The GO Transit Rail Improvement Program (“GO TRIP”) was the largest commuter rail project in Canada’s history. The $700-million, seven-year initiative (funded by three levels of government) increased the capacity and reliability of the GO Transit rail service throughout southern Ontario, where it carries nearly 55 million passengers annually.
A critical component of the program was to develop new rail overpasses to eliminate conflicts between GO trains, and CP and CN freight rail traffic. The existing at-grade crossings had limited the expansion of the train service and caused service delays for GO Transit.
The program also expanded the GO train service to the city of Barrie, and it improved the Georgetown rail corridor so as to accommodate an Air Rail Link between Toronto Pearson International Airport and Union Station in downtown Toronto.
Overall, the GO TRIP project comprised 11 major projects. These included 100 kilometres of new track, three grade separations, 16 new bridges, two layover facilities and 17 station expansions to accommodate new track and longer trains. There were also two feasibility studies for new lines.
AGM Program Managers, a consortium of Hatch Mott MacDonald, IBI Group and MMM Group, provided overall management of the program’s design and construction services. Specifically, AGM managed environmental assessments, public consultations, government agency and stakeholder coordination. AGM also managed the procurement, technical reviews, environmental compliance and operational analysis, as well as overseeing the design and construction.
Detailed programming and 80 contracts
AGM’s goal was to minimize the impacts of construction on the daily operations of GO Transit, which was a challenge due to the size and complexity of the initiative. Physical constraints along the rail corridors also created construction difficulties. Intricate planning and programming was required for staging the individual components of the program.
Eight major environmental assessments were involved, with stringent permitting and approval processes regulated by the provincial and federal governments, as well as local conservation authorities.
The program entailed over 80 design and construction contracts. The AGM team also had to reconcile widely diverse and often conflicting stakeholder concerns, including those of residents along the rail corridors, GO Transit customers, rail companies and three levels of government.
Expenditures were rigidly controlled through processes such as value engineering and innovation. AGM Program Managers also introduced alternative procurement processes to GO Transit, including design-build contracts.
An integrated design and project management approach engaged GO Transit, CN and CP Rail, consulting engineers, contractors and key stakeholders, resulting in the successful delivery of this complex and challenging program on time and within budget.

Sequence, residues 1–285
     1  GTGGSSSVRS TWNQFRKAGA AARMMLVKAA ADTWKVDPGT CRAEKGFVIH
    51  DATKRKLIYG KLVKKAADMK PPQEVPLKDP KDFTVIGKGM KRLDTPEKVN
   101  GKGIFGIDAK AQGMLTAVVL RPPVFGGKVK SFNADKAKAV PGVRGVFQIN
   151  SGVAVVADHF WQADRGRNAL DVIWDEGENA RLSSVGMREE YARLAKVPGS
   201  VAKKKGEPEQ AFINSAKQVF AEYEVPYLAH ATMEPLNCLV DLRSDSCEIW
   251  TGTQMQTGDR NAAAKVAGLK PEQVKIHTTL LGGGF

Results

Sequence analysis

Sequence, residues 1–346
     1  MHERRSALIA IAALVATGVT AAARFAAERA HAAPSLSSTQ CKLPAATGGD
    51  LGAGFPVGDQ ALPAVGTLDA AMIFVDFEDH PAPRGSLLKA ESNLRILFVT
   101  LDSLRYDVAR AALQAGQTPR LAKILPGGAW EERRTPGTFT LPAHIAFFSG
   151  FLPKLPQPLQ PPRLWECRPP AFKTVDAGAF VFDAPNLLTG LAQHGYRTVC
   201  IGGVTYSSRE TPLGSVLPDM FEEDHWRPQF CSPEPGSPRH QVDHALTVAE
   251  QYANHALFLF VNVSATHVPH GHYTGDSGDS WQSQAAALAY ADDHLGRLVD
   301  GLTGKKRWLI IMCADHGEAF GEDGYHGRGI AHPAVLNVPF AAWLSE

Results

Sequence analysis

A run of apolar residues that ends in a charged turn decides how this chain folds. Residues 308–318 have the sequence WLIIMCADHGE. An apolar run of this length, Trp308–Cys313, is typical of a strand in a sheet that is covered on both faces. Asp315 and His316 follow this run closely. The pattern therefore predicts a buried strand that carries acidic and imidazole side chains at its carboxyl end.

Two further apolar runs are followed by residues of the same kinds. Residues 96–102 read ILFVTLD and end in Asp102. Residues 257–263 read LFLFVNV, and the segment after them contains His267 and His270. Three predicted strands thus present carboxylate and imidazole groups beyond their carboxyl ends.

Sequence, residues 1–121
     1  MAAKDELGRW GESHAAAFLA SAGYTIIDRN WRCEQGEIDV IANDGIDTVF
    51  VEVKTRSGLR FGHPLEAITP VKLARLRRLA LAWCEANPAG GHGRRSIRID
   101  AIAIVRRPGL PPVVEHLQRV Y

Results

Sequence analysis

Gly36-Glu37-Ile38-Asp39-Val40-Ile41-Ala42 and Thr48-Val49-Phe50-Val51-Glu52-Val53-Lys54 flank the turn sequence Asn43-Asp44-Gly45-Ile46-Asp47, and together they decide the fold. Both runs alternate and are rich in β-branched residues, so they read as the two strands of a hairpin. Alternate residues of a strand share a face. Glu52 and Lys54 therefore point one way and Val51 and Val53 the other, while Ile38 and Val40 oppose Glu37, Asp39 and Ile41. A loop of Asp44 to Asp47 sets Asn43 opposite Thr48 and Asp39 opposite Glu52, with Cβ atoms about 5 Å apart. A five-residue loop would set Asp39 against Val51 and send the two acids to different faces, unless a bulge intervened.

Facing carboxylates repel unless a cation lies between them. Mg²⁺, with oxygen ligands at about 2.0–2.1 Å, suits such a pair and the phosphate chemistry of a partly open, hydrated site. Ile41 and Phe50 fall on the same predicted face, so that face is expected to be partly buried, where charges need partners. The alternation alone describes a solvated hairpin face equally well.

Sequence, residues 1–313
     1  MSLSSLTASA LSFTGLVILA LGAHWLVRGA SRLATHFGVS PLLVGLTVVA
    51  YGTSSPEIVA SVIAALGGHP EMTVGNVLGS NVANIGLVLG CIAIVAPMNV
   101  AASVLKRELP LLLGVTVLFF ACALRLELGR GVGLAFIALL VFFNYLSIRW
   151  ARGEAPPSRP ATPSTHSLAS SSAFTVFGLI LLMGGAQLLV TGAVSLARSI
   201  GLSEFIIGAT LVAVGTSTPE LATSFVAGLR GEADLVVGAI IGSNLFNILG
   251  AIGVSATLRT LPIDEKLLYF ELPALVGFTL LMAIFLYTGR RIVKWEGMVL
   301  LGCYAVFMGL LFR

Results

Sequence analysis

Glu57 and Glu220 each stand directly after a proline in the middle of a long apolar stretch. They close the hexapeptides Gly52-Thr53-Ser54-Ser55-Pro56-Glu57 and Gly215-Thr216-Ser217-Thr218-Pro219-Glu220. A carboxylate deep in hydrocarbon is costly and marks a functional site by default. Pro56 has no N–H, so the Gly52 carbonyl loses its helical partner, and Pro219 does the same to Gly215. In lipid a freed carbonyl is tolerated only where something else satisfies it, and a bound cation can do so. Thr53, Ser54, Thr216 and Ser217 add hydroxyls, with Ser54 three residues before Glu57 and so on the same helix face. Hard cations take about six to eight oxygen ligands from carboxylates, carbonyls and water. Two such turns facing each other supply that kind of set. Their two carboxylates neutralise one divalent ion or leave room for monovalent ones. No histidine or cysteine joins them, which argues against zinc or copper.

Technical innovations and environmental benefits
GO TRIP involved the first major application of mechanically stabilized earth (MSE) walls for rail embankment support. As well it included the first significant use in Canada of the Giken press-in piling method, which allowed the vibration-free installation of pipe piles within the congested rail corridor.
Another innovation was the jacking into place of a pre-assembled bridge span over the Credit River. This was a cost-effective, quick and safe method of installation, carried out overnight without interrupting commuter service or the recreational use of the river.
AGM also facilitated a special collaboration with the Royal Botanical Gardens in Hamilton where the widening of a rail embankment evolved into a program for protecting an environmentally sensitive area, with restoration using native vegetation.
As a result of the program, on-time train performance and travel times for commuters were improved and the system’s capacity was increased.
Additionally, several stations were upgraded and made “step-free” accessible. On a broader scale, improvements to this public transit service have helped reduce vehicular traffic and related road congestion, thereby reducing greenhouse gas emissions.
GO TRIP resulted in over 4,000 person years of work, mainly in the consulting and construction industries, as well as enhanced economic opportunity in the communities that were added to the network. cce
GO Transit Rail Infrastructure Improvement Program (GO TRIP)
Award-winning firm (prime consultant):
AGM Program Managers / Hatch Mott MacDonald, IBI Group, MMM Group (Geoffrey Bubbers, P.Eng., Fouad Mustafa, P.Eng., Terry Kelly, P.Eng., Bob Nairn, P.Eng., Paul Nimigon, Margaret Tyszka, M.Eng., Mark Armstrong, P.Eng., Imants Hausmanis, P.Eng., George Karam, P.Eng., Philip Murray, P.Eng., Achille Ferrusi, P.Eng., Darney Mamman, P.Eng., Ivan Windsor)
GO Transit, A Division of Metrolinx. Other: R.J. Burnside & Assoc. (Barrie S. & Mt. Pleasant Stn. design/construction supervision).